MPs have been issued with a warning over a spying threat from a woman believed by MI5 to be attempting to influence UK politicians on behalf of China.
Commons Speaker Sir Lindsay Hoyle, in a letter sent to MPs, warned that Christine Lee had been “engaged in political interference” for the Chinese Communist Party and sought to lobby parliamentarians.
The letter stated: “I should highlight the fact that Lee has facilitated financial donations to serving and aspiring parliamentarians on behalf of foreign nationals based in Hong Kong and China.”
The Speaker added: “This facilitation was done covertly to mask the origins of the payments. This is clearly unacceptable behaviour and steps are being taken to ensure it ceases.”
Labour MP Barry Gardiner confirmed he had received donations from Ms Lee and said he has been liaising with intelligence “for a number of years” about the solicitor.
Analysis of the Register of Members’ Financial Interests showed Ms Lee’s law firm, Christine Lee & Co donated more than £500,000 to Mr Gardiner between 2015 and 2020, mostly through funding for his staff.
“They have always known, and been made fully aware by me, of her engagement with my office and the donations she made to fund researchers in my office in the past,” said Mr Gardiner.
The Labour MP also revealed that Ms Lee’s son had been acting as his diary manager – but the member of staff had resigned on Thursday morning. He said MI5 had advised him “they have no intelligence that shows he was aware of, or complicit in, his mother’s illegal activity”.
Ms Lee stopped funding workers in Mr Gardiner’s office in June 2020. The MP said the donations were properly reported with the parliamentary authorities, and that he had not “personally benefited from those donations in any way”.
The allegation against Ms Lee is one of interference in order to gain covert influence in the UK and not intelligence gathering, Whitehall sources told The Independent. They refused to comment on whether investigations into her activities have failed to find evidence of espionage.
The MI5 security warning named Ms Lee as a solicitor suspected to have been “knowingly engaged in political interference activities” in the UK. The alert said Ms Lee had “acted covertly” in co-ordination with the United Front Work Department of the Chinese Communist Party (CCP).
It stated she had engaged with “individuals across the UK political spectrum” – including through the now disbanded All-Party Parliamentary Group (APPG) Chinese in Britain – and may “aspire to establish further APPGs to further the CCP’s agenda.”
Liberal Democrat leader Sir Ed Davey also received a £5,000 donation from Ms Lee in 2013, while he was energy secretary in the coalition government, but said the money was accepted by his local association and reportedly properly.
A Lib Dem spokesperson said Sir Ed was “shocked by these revelations”, adding: “The email from the Speaker of the House of Commons today was the first time he has been given cause to be concerned about a donation to his local party association.”
In 2014 she helped sponsor a Chinese Liberal Democrats dinner to support the party’s then candidate for Somerton and Frome, Sarah Yong. And in 2013, she funded flights for a four-day trip to Beijing for then Labour MP for Hendon, Andrew Dismore, who was then chairman of the Chinese in Britain APPG.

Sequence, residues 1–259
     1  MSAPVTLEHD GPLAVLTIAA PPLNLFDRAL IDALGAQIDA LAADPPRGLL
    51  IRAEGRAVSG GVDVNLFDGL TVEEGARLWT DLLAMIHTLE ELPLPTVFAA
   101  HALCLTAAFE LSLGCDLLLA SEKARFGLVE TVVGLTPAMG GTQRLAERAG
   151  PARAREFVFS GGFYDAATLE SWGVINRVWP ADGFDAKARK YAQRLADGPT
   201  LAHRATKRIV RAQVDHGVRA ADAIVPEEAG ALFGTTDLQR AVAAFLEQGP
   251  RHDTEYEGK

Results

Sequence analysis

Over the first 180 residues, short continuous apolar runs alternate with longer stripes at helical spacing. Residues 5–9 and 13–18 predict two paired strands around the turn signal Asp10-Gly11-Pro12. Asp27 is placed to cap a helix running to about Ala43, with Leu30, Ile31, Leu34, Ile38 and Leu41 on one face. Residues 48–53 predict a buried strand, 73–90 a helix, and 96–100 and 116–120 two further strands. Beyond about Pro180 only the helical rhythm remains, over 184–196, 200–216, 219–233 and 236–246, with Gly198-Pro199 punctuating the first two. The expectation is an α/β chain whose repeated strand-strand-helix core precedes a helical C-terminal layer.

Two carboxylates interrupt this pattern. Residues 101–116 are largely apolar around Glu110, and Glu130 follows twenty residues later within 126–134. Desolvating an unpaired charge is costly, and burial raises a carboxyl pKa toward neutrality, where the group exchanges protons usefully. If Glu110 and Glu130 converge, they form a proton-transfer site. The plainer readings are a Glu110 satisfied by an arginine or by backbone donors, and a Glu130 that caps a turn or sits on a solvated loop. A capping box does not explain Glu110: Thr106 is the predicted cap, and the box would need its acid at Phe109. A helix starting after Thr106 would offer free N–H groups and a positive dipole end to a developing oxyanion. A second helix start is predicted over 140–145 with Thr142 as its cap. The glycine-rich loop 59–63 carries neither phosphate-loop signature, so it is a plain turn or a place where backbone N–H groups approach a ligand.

In 2019, then-prime minister Theresa May gave Ms Lee a Points of Light Award for her work with British Chinese Project, a group aimed at promoting engagement between the Chinese community and wider UK society.
In a personal letter to Ms Lee – the founder of the organisation – Ms May said: “You should feel very proud of the difference that The British Chinese Project is making”.
Former prime minister David Cameron was also photographed addressing a British Chinese Project event in a photo the organisation posted online in 2016.
Ms Lee was also photographed speaking to former Labour leader Jeremy Corbyn, and the party’s ex-deputy leader Tom Watson at a British Chinese Project at a separate event in 2016.
Senior Conservative MP Sir Iain Duncan Smith raised the issue in the Commons on Thursday and called for an overhaul of the accreditation process “because it’s clearly too lenient”.
The former Tory party leader told MPs: “This is a matter of grave concern”, adding: “Why in heavens name is such an agent allowed in this country?”
There are, at present, no laws in place to bring charges on seeking to exert influence such as the Foreign Agents Registration Act (FARA) in the US. In March this year the government said in the integrated review of defence and security that it would seek to introduce a foreign agent registration scheme.
Home secretary Priti Patel said it was “deeply concerning” that an individual “who has knowingly engaged in political interference activities on behalf of the Chinese Communist Party has targeted parliamentarians”.
The cabinet minister said “forthcoming measures” by the government would “counter these kind of threats will build on the robust safeguards already in place, making our country even harder for states to conduct hostile activity in”.
Human rights campaigner Luke de Pulford told The Independent: “It’s not a surprise to us. There’s been suspicions of a very close relationship between the Chinese Embassy and figures in parliament for a long time. It just goes to show that democracy can be subverted by this kind of thing.”
Mr de Pulford lent his support to Sir Iain’s call for a root and branch check of all everyone working in MPs’ offices. “I think we need to make it clear what interests people working for MPs have,” Mr de Pulford said.
The Metropolitan Police declined to comment on whether officers are investigating after MI5 issued a security alert to parliament.
The Independent has contact Christine Lee’s office and the British Chinese Project for comment.
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